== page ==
Spring is widely regarded as the optimal season for climbing Putha Hiunchuli. During this period, temperatures begin to warm, and the harsh winter conditions start to ease. Daytime temperatures range from around -10°C (14°F) at higher altitudes to 10°C (50°F) at lower elevations, with nights remaining cold. The visibility is excellent during spring, offering clear skies that unveil breathtaking panoramic views of the surrounding peaks and valleys. The climbing conditions are at their best, characterized by stable weather patterns that minimize risks. The snow conditions are generally favorable, making the climbing routes safer and more accessible. Climbers can ascend with more confidence, as the well-defined paths and manageable temperatures reduce the challenges associated with other seasons.

    Summer/Monsoon (June to August)

    The summer or monsoon season, spanning from June to August, is not recommended for climbing Putha Hiunchuli. During these months, temperatures are milder, ranging from around 0°C (32°F) to 15°C (59°F) during the day, but nights remain cold. However, the main challenge lies in reduced visibility due to increased cloud cover, rain, and mist. Clouds often obscure the once-clear skies, making navigation and orientation difficult. Climbing conditions are hazardous due to heavy rainfall, triggering potential risks like avalanches and landslides. Slippery trails and unfavorable weather conditions contribute to a risky environment that is not conducive to safe climbing.

    Autumn (September to November)

    Autumn, from September to November, is another prime season for climbing Putha Hiunchuli. During this period, temperatures start to cool as the summer heat dissipates. Daytime highs range from approximately -5°C (23°F) to 10°C (50°F), and nights become colder. The visibility is excellent once again, as clear skies offer stunning views of the landscape. Climbing conditions are ideal, thanks to stable weather and dry surroundings. The well-defined trails and favorable weather create a safe and enjoyable climbing environment. This season allows climbers to traverse the routes with confidence, as they experience the best of the mountain while minimizing frostbite risks and other challenges.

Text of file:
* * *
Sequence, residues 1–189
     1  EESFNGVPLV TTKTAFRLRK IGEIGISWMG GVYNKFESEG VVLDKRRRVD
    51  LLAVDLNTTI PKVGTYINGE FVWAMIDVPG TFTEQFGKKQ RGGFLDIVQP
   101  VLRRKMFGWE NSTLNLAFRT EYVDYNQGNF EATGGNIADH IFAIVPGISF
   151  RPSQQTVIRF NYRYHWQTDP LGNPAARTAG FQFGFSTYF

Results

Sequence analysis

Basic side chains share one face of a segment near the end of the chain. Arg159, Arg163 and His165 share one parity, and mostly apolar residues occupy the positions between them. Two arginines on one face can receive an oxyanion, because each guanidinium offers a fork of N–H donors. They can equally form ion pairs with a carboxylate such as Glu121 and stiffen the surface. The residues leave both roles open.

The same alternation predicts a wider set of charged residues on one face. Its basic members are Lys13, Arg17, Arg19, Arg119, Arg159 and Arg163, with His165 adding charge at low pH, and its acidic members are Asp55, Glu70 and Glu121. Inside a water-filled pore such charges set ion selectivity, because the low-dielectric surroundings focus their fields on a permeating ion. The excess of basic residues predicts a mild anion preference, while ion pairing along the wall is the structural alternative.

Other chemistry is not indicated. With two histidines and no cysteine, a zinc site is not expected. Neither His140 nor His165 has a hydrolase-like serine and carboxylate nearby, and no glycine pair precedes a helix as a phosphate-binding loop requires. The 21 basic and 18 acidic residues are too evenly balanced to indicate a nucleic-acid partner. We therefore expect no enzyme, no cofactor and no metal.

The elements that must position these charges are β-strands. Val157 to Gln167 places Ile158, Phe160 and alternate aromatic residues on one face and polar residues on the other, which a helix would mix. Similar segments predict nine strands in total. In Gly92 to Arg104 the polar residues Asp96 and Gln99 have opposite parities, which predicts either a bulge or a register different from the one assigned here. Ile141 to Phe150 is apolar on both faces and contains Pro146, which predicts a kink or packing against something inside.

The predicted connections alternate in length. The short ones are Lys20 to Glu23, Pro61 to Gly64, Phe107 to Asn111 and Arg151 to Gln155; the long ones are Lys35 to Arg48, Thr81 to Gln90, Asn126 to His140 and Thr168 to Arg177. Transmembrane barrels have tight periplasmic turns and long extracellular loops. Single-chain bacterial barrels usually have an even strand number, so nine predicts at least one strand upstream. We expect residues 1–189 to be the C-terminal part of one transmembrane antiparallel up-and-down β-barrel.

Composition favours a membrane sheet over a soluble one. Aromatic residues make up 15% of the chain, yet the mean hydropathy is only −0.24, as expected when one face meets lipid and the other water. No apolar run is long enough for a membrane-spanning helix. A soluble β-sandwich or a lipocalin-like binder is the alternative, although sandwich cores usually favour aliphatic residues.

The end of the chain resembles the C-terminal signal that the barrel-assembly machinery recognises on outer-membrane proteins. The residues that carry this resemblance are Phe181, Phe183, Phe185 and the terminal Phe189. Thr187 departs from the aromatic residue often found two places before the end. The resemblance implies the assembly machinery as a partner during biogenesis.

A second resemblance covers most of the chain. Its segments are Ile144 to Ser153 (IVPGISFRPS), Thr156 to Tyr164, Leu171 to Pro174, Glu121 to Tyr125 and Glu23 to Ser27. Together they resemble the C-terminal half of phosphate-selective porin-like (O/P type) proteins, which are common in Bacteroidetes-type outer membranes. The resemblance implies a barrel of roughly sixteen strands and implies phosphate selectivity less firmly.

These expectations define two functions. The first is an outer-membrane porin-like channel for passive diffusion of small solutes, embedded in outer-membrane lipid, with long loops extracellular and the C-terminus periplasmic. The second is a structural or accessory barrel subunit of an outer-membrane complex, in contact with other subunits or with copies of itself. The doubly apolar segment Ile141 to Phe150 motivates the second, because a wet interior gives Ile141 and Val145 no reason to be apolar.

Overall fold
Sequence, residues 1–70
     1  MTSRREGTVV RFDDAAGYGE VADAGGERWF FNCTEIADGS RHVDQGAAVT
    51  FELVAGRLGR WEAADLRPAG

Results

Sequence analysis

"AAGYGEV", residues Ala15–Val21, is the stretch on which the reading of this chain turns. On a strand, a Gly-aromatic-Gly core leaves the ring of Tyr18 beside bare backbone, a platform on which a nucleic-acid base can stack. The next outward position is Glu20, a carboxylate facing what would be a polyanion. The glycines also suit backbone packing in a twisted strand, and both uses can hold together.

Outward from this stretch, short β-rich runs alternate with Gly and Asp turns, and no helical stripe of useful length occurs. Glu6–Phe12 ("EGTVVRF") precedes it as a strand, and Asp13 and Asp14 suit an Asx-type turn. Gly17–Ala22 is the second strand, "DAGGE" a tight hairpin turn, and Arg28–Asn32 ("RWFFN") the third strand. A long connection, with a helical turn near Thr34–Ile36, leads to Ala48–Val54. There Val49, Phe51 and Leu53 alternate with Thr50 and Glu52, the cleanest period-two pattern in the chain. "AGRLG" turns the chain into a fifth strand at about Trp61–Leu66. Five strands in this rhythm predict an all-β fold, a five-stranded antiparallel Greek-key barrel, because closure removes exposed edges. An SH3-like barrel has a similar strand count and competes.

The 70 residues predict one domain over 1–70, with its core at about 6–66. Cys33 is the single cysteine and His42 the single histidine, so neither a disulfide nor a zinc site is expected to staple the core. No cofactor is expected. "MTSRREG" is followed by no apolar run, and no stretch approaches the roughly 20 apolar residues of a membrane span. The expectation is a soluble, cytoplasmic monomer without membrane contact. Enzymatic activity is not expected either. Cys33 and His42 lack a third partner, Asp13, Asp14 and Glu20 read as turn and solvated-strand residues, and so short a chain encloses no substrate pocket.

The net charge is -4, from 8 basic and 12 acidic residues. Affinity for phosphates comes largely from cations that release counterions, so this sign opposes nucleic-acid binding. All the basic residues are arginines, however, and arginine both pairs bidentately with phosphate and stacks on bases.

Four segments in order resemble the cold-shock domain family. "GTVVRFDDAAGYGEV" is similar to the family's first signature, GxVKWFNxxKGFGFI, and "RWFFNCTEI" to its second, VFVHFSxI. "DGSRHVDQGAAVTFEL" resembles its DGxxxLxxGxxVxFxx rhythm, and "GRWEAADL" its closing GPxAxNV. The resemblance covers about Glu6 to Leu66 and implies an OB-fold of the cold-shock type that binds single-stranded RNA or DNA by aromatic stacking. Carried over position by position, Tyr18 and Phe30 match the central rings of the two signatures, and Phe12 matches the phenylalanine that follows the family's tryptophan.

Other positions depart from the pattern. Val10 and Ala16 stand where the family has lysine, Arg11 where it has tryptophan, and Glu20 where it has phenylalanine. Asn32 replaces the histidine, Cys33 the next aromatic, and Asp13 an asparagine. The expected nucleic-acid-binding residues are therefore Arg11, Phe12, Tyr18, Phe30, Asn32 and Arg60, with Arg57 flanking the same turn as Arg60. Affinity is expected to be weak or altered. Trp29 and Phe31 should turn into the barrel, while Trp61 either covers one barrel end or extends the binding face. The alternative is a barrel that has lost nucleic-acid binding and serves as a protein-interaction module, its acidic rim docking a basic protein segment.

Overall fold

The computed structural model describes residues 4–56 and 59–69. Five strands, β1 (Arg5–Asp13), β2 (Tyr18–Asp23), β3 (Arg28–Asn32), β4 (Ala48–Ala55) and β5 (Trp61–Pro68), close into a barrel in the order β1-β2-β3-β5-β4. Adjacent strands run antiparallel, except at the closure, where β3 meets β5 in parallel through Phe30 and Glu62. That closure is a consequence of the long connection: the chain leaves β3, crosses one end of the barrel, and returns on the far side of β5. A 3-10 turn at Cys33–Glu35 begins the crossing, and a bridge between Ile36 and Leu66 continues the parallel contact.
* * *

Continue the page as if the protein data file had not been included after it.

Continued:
Winter (December to February)

    Winter, encompassing the months of December to February, poses substantial challenges for climbing Putha Hiunchuli. During this season, temperatures are extremely cold, ranging from -15°C (5°F) to -25°C (-13°F) during the day, with nights plunging well below -30°C (-22°F). Despite the clear skies, visibility can be compromised due to frost on eyewear caused by the extreme cold. Climbing conditions become daunting, with intense cold, reduced daylight hours, and the potential for heavy snowfall. The trails may be buried under deep snow, demanding extra effort to ascend. Winter climbing on Putha Hiunchuli requires specialized skills, equipment, and a heightened tolerance for harsh conditions.

    Each season presents unique conditions for climbing Putha Hiunchuli. Spring and autumn stand out as the best times to attempt the ascent due to their stable weather, clear skies, and manageable temperatures. Summer (monsoon) is marked by hazardous conditions, while winter poses extreme cold and snow-related challenges. Climbers should make their choice based on their experience, preferences, and preparedness, with safety always being a paramount consideration.

    Accommodation and Food during the Putha Hiunchuli  Climbing

    Accommodation and food during the Putha Hiunchuli climbing expedition can vary based on the route, approach, and specific expedition arrangements. Generally, climbers need to be prepared for basic and remote conditions, as the mountain's isolation can limit access to amenities. Here's what to expect:


    • Base Camp: Most climbers establish a base camp, such as the German Base Camp, as the starting point for their ascent. Accommodation at base camps is typically in the form of tents. These tents provide shelter from the elements and serve as a comfortable resting place for climbers.
    • Higher Camps: As climbers ascend higher, they may set up additional higher camps to aid in acclimatization and to reduce the altitude gain between camps. These higher camps also consist of tents, and their location is strategically chosen for better acclimatization.
    • Self-Sufficiency: Climbers often need to be self-sufficient in terms of accommodation. Tents are carried or set up by the climbers and their support teams. Sleeping bags, sleeping pads, and warm clothing are crucial for staying comfortable in the tents.


    • Base Camp Meals: Base camps may have cooking facilities where expedition teams prepare meals. Food at base camps typically includes a combination of local and imported provisions, designed to provide climbers with necessary sustenance and energy. Expedition teams often have cooks who prepare meals for climbers.
    • Higher Camp Meals: As climbers move higher, preparing food becomes more challenging due to the altitude and limited facilities. Dehydrated or freeze-dried meals that are easy to carry and prepare might be used. These meals are lightweight and require only hot water for preparation.
    • Personal Supplies: Climbers might carry some of their own snacks and energy bars for quick energy during the ascent. These lightweight, high-energy snacks can be consumed on the go.
    • Hydration: Staying hydrated is essential at high altitudes. Expedition teams typically melt snow for drinking water. Climbers use portable water purification methods to ensure the water is safe to drink.
    • Nutritional Balance: A balanced diet is important for maintaining energy and stamina during the climb. Protein, carbohydrates, and healthy fats are essential components of climbers' meals.
    • Personal Preferences: Some climbers have dietary restrictions or preferences. Communicate these to the expedition team in advance to ensure that suitable food is available.